Have we gone too far in the direction of medicines and drugs – is this the right approach to take as much medication as we do.
Our body is very clever and it reacts to situations. If we twist a joint and cause a slight injury or tear our bodies response is to send “repairing nutrients” in the form of white blood cells to the area in fluid to immobilise and start the recovery journey. When we take medication we stop this process – we cause away the “goodies” and artificially slow the process down. Would it be better to keep the “goodies” in the injury and removes the discomfort by poulticing the area. Our skin is not made of plastic it is porous and so by poulticing we can remove fluid and toxins through the skin and help to speed recovery up.
Take a look at the French Clay for all site – for more info
“In every exercise if you don’t start from a good postural position you won’t achieve optimum strength, you may use the wrong muscles and eventually something in your body will give” …
The Sunday Times on 1st Nov 2015 endorses the necessity to have correct posture before getting in to an exercise regime and in order to correct injury and rehab in a better more productive way.
It is everywhere – the recent Horse and Hound has an article saying the same thing reinforcing many of my comments on the Biospheric Performance Equestrian page about our posture and how it effects our horses back and posture too.
In brief if you can’t read this article it says there is little point in training without looking at posture and doing a proper postural assessment because you firstly won’t achieve the results you desire and second eventually you will hurt yourself.
Swimming Lake Llangorse. In her words – Jess’s story.
“As for the swim, well it was really weedy and I just wasn’t used to that and at the beginning I was really frightened.
This was one historic lake, not only is there a Crannog there, but the lake was famed in Welsh folk lore and has an Afanc (lake monster) as well as being a site of special scientific interest and there are many giant pike living in that lake (a cheerful thought when swimming)
There were four marker buoys and the course was rectangular so you went up the long side of the rectangle first swam along the short side and then another long side
The first side of the rectangle was hell. But then by the time I got to the second long side I was getting used to the conditions and was calming down. Visibility was tough so both my buddy and I lost a bit of time with that.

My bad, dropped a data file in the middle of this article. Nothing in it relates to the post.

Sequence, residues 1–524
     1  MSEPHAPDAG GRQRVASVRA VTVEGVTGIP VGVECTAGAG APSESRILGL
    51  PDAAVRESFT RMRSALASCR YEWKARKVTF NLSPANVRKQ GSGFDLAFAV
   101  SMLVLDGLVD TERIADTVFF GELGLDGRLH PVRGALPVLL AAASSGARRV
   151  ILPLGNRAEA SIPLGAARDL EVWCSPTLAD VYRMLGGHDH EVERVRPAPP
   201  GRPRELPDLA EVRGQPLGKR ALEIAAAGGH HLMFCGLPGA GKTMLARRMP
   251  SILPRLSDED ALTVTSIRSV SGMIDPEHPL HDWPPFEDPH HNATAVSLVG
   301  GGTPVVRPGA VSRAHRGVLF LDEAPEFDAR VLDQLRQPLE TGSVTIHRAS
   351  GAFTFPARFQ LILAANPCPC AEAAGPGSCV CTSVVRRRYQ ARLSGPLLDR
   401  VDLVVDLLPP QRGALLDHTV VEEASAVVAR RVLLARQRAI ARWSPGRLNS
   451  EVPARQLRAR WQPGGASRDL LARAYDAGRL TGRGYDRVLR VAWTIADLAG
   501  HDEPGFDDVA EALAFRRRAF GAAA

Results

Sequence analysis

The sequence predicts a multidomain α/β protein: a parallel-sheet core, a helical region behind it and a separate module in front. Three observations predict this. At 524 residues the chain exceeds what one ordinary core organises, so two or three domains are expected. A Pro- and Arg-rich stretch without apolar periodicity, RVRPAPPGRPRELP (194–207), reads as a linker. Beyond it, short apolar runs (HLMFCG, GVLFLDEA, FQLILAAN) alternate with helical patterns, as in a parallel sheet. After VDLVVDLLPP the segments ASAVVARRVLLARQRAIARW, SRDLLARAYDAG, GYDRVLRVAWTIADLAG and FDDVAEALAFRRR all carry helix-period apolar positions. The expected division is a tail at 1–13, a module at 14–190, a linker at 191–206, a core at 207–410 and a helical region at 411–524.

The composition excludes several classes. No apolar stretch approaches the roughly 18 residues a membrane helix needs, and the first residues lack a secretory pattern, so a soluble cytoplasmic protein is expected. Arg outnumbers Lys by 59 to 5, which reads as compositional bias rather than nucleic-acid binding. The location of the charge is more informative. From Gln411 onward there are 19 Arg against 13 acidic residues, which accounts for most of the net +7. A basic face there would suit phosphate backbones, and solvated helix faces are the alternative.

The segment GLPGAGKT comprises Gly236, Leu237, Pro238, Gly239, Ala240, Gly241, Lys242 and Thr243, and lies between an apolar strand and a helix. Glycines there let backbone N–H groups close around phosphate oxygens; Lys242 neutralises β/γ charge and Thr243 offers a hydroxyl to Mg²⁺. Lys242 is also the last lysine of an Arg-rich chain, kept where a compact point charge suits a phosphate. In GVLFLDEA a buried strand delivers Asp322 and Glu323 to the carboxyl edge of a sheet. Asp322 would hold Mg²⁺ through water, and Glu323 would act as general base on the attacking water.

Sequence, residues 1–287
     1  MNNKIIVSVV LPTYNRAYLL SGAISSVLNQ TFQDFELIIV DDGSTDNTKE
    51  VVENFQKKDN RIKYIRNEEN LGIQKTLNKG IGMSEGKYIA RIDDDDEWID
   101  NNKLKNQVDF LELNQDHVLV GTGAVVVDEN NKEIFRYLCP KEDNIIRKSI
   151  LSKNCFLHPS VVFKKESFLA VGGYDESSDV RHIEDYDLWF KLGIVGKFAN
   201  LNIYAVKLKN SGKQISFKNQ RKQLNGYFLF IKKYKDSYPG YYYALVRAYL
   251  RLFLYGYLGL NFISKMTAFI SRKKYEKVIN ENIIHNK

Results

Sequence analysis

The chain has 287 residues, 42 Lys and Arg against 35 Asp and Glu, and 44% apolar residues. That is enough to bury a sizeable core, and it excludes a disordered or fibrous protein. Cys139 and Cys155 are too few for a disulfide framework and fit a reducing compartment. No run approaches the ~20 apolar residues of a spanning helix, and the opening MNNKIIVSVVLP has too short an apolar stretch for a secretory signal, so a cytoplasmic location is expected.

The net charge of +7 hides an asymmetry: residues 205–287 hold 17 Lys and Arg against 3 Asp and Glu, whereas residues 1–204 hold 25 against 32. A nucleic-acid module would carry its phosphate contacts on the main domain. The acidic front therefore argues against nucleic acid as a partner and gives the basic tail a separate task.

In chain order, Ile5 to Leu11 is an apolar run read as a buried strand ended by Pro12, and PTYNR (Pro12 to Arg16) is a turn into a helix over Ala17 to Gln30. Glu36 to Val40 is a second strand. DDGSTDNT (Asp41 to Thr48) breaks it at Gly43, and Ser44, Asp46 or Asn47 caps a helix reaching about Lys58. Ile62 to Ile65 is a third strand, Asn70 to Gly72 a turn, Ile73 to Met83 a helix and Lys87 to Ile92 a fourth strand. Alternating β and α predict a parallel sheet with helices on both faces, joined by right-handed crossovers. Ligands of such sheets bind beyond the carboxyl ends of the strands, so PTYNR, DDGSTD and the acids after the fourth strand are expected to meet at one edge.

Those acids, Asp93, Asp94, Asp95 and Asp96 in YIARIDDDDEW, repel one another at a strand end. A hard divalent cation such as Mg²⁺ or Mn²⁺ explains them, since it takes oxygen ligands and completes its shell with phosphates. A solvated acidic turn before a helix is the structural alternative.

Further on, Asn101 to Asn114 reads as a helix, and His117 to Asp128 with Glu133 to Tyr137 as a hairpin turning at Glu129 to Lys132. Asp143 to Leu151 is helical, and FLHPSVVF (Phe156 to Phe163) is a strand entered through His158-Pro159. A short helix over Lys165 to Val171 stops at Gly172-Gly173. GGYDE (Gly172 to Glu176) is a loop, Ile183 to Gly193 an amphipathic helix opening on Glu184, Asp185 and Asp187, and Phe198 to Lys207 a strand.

Thanks to all my work with you my head had now got into the right place, I knew it would be a challenge but I knew I could do it and by that time I just thought forget time, forget everyone else I am just going to enjoy being in this special lake in this special place – the weather was spectacularly gorgeous by the way. So I pushed on round, I got cramp loads and pushed on through that and slogged my way though the full 3km and when I got my time it was just under 2 hours like 1 hour 57 and a half which is not bad because I did 3k in the pool in 1 hour 49 and it was much harder and much further in the lake. I am pleased with it overall and all the work I’ve done with you I think made a big difference to me both in getting head together but also not going bonkers the day before and coping with the cramp by not panicking and pushing through.
Working with Shane Benzie last week end, from Running Reborn, on Running Techniques, looking at the active Biomechanics of running. By logging data on movement we can see areas of weakness and we can track progress better. Coupled with really looking and working on the Intrinsic Biomechanics we can get much better results for our clients.
Cold water and ice baths, otherwise known as cold water immersion or “cryotherapy,” is a popular technique among amateur and professional athletes, as it is thought to help reduce muscle inflammation and pain after exercise, as well as speed recovery time.
For more click here – http://www.palmahealth.com/coldwaterimmersion.html